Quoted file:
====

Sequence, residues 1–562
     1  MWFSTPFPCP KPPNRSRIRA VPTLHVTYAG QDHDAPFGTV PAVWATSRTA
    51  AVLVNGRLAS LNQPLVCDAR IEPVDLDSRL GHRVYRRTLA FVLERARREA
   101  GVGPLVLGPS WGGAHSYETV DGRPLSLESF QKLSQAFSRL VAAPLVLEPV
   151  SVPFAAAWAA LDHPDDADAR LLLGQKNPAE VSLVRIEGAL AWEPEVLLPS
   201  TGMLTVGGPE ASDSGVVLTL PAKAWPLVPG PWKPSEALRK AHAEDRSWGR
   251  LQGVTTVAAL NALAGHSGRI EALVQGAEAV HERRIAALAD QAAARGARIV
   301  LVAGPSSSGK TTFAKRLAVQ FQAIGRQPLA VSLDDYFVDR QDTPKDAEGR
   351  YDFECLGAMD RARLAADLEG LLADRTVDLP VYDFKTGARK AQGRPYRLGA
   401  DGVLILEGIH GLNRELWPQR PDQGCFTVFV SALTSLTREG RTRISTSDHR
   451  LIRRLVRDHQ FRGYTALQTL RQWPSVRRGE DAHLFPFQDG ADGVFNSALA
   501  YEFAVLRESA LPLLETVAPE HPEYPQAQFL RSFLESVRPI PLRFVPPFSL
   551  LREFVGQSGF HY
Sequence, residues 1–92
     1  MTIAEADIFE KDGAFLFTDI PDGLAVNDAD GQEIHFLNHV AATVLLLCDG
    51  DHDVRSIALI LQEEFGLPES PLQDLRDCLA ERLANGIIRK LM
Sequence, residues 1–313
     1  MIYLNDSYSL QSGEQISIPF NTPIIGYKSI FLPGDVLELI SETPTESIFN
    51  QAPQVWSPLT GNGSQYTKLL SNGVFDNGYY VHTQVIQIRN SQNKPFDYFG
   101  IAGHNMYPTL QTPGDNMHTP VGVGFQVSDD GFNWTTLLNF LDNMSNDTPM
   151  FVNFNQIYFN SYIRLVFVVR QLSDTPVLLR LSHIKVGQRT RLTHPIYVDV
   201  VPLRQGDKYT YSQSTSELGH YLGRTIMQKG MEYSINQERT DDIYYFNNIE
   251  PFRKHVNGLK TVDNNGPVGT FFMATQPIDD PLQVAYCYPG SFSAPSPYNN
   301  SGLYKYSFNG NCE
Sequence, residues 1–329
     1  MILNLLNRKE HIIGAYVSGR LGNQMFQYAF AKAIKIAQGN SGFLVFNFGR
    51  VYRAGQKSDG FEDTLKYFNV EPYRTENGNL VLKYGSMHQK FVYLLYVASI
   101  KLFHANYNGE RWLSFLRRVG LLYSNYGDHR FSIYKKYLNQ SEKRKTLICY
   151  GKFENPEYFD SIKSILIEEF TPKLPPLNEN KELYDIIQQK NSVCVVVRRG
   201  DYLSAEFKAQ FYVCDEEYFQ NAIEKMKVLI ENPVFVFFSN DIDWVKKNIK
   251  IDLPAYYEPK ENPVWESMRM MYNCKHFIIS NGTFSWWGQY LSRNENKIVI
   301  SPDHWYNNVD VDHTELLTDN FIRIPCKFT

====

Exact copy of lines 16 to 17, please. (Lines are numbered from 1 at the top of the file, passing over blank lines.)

    51  DHDVRSIALI LQEEFGLPES PLQDLRDCLA ERLANGIIRK LM
Sequence, residues 1–313